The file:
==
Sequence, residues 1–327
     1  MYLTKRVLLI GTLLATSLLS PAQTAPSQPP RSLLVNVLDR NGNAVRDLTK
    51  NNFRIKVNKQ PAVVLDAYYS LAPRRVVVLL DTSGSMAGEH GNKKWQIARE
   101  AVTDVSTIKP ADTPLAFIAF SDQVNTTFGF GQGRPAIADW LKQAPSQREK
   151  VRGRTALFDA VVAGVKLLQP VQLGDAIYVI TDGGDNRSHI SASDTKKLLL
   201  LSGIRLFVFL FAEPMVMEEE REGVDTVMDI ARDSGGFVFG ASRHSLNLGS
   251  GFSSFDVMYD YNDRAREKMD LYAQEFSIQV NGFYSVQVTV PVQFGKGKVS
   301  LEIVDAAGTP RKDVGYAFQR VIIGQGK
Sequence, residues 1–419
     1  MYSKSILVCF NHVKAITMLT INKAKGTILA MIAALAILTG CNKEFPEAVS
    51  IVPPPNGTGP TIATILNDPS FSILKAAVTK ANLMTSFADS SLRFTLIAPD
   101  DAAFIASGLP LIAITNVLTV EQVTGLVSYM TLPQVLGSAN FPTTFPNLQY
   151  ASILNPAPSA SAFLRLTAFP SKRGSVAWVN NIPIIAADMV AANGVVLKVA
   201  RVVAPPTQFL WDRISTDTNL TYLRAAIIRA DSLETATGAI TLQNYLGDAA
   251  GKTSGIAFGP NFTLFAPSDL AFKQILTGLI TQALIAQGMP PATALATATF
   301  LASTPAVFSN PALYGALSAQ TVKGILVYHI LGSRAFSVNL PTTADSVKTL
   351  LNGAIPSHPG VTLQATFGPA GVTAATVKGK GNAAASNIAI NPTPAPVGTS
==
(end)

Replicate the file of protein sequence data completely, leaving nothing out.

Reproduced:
Sequence, residues 1–327
     1  MYLTKRVLLI GTLLATSLLS PAQTAPSQPP RSLLVNVLDR NGNAVRDLTK
    51  NNFRIKVNKQ PAVVLDAYYS LAPRRVVVLL DTSGSMAGEH GNKKWQIARE
   101  AVTDVSTIKP ADTPLAFIAF SDQVNTTFGF GQGRPAIADW LKQAPSQREK
   151  VRGRTALFDA VVAGVKLLQP VQLGDAIYVI TDGGDNRSHI SASDTKKLLL
   201  LSGIRLFVFL FAEPMVMEEE REGVDTVMDI ARDSGGFVFG ASRHSLNLGS
   251  GFSSFDVMYD YNDRAREKMD LYAQEFSIQV NGFYSVQVTV PVQFGKGKVS
   301  LEIVDAAGTP RKDVGYAFQR VIIGQGK
Sequence, residues 1–419
     1  MYSKSILVCF NHVKAITMLT INKAKGTILA MIAALAILTG CNKEFPEAVS
    51  IVPPPNGTGP TIATILNDPS FSILKAAVTK ANLMTSFADS SLRFTLIAPD
   101  DAAFIASGLP LIAITNVLTV EQVTGLVSYM TLPQVLGSAN FPTTFPNLQY
   151  ASILNPAPSA SAFLRLTAFP SKRGSVAWVN NIPIIAADMV AANGVVLKVA
   201  RVVAPPTQFL WDRISTDTNL TYLRAAIIRA DSLETATGAI TLQNYLGDAA
   251  GKTSGIAFGP NFTLFAPSDL AFKQILTGLI TQALIAQGMP PATALATATF
   301  LASTPAVFSN PALYGALSAQ TVKGILVYHI LGSRAFSVNL PTTADSVKTL
   351  LNGAIPSHPG VTLQATFGPA GVTAATVKGK GNAAASNIAI NPTPAPVGTS